In which I am reamed a new one

By Ritchie no less. In reponse to this post he tells us that:

Worstall clearly believes in trickle down

I guess he believes in fairies too

They require the same feat of imagination

So, let us ponder, do I believe in trickle down?

It rather depends upon what you mean by trickle down I suppose. So let us take the heart of the argument I presented last time.

If a company makes higher profits (whether by tax dodging or any other non coercive measure) what can it do with the extra money?

1) It can reinvest it in the business, or perhaps start another line of business. More jobs, higher wages, Hurrah!

2) It can pay returns to its investors. This raises the returns to capital in that line of business and will attract more capital into that line of business. More jobs, higher wages, Hurrah!

Yes, this is extremely simplistic but it\’s also true. We know that excess returns attract capital to a sector making such returns (just look at the squillions pumped into hedge funds recently) just as we know that lower than normal returns lead to capital leaving a sector (hedge funds in this past year reversing their former growth).

Or we could look at what happens in a sector in more detail. Take, for example, mobile phones. We know very well that they benefit the poor. Try looking up "cellphone kerala fishermen" for example. We even have evidence that an increase in 10 per hundred of a population having phones adds 0.5% to the growth of GDP (that is assuming that they are in a country which does not have near universal landline service, as poor places tend not to have).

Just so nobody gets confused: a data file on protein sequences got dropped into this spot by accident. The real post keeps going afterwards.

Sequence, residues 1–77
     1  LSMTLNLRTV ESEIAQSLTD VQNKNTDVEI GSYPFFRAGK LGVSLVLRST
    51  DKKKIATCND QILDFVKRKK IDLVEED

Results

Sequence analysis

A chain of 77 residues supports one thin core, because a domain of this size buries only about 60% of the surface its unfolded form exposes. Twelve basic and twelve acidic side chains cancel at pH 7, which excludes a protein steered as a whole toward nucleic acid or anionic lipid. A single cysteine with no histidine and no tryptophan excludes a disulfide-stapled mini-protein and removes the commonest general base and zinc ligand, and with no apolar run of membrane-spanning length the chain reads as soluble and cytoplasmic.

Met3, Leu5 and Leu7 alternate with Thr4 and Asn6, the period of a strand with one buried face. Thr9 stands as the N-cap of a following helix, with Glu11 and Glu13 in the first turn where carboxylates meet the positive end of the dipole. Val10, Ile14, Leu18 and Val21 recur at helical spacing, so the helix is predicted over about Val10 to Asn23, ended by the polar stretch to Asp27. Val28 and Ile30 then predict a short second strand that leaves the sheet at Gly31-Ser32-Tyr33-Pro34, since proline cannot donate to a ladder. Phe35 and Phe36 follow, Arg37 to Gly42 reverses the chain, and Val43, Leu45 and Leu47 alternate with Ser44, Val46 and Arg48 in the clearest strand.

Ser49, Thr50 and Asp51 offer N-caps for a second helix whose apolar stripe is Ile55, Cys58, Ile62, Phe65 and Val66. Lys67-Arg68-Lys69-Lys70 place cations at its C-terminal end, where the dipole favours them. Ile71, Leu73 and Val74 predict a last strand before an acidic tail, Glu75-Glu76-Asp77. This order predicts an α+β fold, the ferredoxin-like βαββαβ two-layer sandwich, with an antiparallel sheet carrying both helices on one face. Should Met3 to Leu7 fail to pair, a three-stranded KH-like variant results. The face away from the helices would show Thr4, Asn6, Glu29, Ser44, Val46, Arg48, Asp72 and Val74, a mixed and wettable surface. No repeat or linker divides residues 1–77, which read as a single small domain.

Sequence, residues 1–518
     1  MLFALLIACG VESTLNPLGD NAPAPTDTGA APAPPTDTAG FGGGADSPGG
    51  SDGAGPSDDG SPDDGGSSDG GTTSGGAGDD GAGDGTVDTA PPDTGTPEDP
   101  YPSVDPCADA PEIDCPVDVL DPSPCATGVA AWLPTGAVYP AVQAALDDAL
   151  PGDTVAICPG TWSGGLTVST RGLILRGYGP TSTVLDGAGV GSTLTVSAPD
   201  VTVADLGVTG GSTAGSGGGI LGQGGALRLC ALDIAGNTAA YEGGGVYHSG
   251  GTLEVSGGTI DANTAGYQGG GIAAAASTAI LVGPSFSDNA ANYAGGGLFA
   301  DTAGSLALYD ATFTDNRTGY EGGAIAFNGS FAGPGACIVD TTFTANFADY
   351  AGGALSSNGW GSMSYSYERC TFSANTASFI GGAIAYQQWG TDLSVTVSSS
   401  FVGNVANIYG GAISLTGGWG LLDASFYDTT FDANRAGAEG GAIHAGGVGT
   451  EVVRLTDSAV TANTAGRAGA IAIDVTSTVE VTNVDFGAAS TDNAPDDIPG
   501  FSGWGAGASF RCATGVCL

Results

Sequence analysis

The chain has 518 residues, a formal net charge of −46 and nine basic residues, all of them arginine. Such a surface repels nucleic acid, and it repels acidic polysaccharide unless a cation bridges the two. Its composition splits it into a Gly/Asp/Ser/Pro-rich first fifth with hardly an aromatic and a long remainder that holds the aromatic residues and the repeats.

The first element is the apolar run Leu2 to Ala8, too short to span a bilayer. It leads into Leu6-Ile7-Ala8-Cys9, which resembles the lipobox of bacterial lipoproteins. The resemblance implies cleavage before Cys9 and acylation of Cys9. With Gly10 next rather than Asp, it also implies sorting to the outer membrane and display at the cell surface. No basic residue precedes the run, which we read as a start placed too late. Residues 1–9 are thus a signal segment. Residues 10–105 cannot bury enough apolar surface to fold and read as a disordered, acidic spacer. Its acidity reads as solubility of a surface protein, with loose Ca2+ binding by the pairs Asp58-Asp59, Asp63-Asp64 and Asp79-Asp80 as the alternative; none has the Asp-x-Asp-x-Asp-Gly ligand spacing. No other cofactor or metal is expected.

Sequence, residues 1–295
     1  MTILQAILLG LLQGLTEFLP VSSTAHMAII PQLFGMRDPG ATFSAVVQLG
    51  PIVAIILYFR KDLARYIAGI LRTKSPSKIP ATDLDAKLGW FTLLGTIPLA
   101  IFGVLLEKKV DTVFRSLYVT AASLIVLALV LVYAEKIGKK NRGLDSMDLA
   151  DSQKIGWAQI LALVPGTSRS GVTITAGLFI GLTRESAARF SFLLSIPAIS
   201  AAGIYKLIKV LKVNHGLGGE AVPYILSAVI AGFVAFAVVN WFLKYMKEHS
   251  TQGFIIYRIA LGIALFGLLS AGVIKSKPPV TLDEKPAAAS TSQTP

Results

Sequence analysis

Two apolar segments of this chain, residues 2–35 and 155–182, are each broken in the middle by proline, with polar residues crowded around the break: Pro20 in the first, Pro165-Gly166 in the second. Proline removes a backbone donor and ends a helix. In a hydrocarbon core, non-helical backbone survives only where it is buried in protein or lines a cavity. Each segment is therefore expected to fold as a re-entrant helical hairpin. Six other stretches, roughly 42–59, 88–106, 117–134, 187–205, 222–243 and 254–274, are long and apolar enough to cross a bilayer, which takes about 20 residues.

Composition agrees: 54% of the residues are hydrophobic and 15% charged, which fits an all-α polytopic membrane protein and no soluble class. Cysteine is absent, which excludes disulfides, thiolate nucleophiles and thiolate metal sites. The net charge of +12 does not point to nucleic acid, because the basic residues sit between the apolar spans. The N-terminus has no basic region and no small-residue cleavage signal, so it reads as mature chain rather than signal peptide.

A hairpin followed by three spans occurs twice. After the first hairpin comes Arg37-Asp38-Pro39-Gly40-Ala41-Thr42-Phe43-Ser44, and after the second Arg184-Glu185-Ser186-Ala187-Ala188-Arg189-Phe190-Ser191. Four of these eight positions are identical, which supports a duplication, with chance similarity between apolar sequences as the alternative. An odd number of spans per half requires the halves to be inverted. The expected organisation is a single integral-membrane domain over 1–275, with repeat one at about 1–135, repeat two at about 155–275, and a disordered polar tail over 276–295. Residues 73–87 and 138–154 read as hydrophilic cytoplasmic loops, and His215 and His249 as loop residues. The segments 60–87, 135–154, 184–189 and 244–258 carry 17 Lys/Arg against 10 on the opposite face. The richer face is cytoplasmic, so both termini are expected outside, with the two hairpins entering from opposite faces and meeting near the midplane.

So in the 90s we saw a huge surge in mobile phone in the rich world. Both handset makers and the airtime providers were making money hand over fist. There were, as compared with other businesses, excess returns to capital. So what happened? Other companies started to make handsets, did they not? It wasn\’t just left to Nokia or Motorola, was it? Companies competed forthe right to offer air time. And this didn\’t just happen in thr rich world.

New companies started up in the poor nations as well. They\’d seen that there were those excess profits to be made so why not try to get a piece of that? Similarly, the rich world companies tried to set up in those poor nations extending service yet again. All of this driven by the simple greed for those excess profits.

And the end result is that we\’re seeing per capita ownership rates rise and thus GDP growth above where it would have been without them. There are, as the Kerala fishermen found out, benefits to be had from those capitalist bastards persuing profit:

The short summary — cellphones improve information flow, which makes markets work better and results in quantifiable benefits for all parties.  Waste (~6% of the fish were unsold before cell phones) has been eliminated. Fishermen profits are up 8% and consumer prices are down 4%, directly driving a 20 rupee/person/month consumer surplus, the equivalent of a 2% increase in per-capita GDP from this one market alone.

If that\’s what we mean by trickle down then of course I believe in it.

But I rather think that trickle down is the wrong phrase to use here. Trickle up is more appropriate. You only get to satisfy your greed for piling up the millions of pounds if you\’re producing something that the millions are prepared to spend their pennies on.

But then that\’s not what most mean by trickle up economics either sadly.

Or, if you\’d prefer a more researchy answer to the question, try reading this paper:

The present study examines the importance of Schumpeterian profits in the United States economy. Schumpeterian profits are defined as those profits that arise when firms are able to appropriate the returns from innovative activity. We first show the underlying equations for Schumpeterian profits. We then estimate the value of these profits for the non-farm business economy. We conclude that only a miniscule fraction of the social returns from technological advances over the 1948-2001 period was captured by producers, indicating that most of the benefits of technological change are passed on to consumers rather than captured by producers.